May 22, 2009
Riding through Napa a few months ago, I was crestfallen. Just after loading a fresh roll of Fuji Pro 400, the focus ring on my Lubitel 166B came off. I pressed it back on, but in the process, realized that… before pressing it back on I’d turned the viewfinder focus ring. This meant the viewfinder focus was no longer locked to the film (objective?) focus – they were out of synch and I didn’t have any way of knowing how much. That means no expensive-retro-Ukrainian picture I’d take would ever be in focus. Ever. I put the camera aside for 6 months.
Last night I started cranking through the film I’d loaded, planning to put it in the hands of someone qualified to tune the focus back in. But after getting the unexposed film out, I thought I’d try a little experiment I’d considered: Place a piece of ground glass in the place where the film would be, and see if I could dial in the focus:
I taped it in place with some vinyl tape and opened the shutter. Sure enough, an upside-down image showed up on the ground glass.
The aperture was small, so no amount of focusing and unfocusing could make much of a difference. So I opened the aperture all the way to f2.3 (the largest), and sure enough, the image got blurry (and much brighter).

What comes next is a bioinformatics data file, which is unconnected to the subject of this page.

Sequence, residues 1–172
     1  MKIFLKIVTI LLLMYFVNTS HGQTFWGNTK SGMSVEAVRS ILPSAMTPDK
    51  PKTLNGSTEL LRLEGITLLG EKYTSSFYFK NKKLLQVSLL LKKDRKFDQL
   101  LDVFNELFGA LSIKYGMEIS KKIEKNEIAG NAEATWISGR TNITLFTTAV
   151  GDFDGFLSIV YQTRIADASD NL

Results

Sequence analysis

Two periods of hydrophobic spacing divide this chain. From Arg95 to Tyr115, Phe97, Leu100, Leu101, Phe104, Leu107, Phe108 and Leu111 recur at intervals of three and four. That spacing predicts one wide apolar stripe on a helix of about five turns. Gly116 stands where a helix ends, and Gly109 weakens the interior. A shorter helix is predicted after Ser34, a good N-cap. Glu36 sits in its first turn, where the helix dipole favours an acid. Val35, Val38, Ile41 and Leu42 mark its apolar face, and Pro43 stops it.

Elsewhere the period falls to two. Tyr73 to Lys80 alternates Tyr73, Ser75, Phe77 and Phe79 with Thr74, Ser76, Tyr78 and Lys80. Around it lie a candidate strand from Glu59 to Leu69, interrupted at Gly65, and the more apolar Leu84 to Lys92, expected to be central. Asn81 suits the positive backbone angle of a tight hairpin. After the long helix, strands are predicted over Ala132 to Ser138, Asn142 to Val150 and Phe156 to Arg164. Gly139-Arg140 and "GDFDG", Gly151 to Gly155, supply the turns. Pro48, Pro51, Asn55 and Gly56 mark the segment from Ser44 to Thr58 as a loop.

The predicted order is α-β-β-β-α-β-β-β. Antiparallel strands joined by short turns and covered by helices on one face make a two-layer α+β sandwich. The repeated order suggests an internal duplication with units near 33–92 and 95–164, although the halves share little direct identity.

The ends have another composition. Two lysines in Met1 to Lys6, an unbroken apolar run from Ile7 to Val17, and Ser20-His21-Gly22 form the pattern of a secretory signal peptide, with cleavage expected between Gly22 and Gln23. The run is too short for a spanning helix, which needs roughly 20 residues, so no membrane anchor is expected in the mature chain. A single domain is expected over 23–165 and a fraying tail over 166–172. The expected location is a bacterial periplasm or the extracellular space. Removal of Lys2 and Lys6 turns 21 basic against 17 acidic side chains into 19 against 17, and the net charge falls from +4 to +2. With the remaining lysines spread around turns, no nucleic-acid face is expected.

Now it was a matter of lining up the focus of the viewfinder with the focus of the exposure lens. And while we’re at it, might as well check that the distance numbers printed on the focus ring line up with those as well. 1.4m (55.1″) was a convenient distance for my room, so I dialed that in, measured that distance from the target, and adjusted the exposure lens focus until the image was clear. Voila.
Now with the focus adjusted, I just slip the focus ring/gear on the exposure lens and mesh its teeth with the viewfinder lens gear. Wow! No need for that “qualified expert” after all!
It sure looks cool without the focus ring. Reattaching it is a matter of tightening the set-screws in the focus ring, just like the globe on a hanging light fixture.